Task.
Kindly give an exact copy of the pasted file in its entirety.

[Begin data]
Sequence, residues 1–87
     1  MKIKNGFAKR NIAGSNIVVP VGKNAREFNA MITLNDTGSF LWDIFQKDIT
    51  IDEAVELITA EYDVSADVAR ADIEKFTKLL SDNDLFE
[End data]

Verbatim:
Sequence, residues 1–87
     1  MKIKNGFAKR NIAGSNIVVP VGKNAREFNA MITLNDTGSF LWDIFQKDIT
    51  IDEAVELITA EYDVSADVAR ADIEKFTKLL SDNDLFE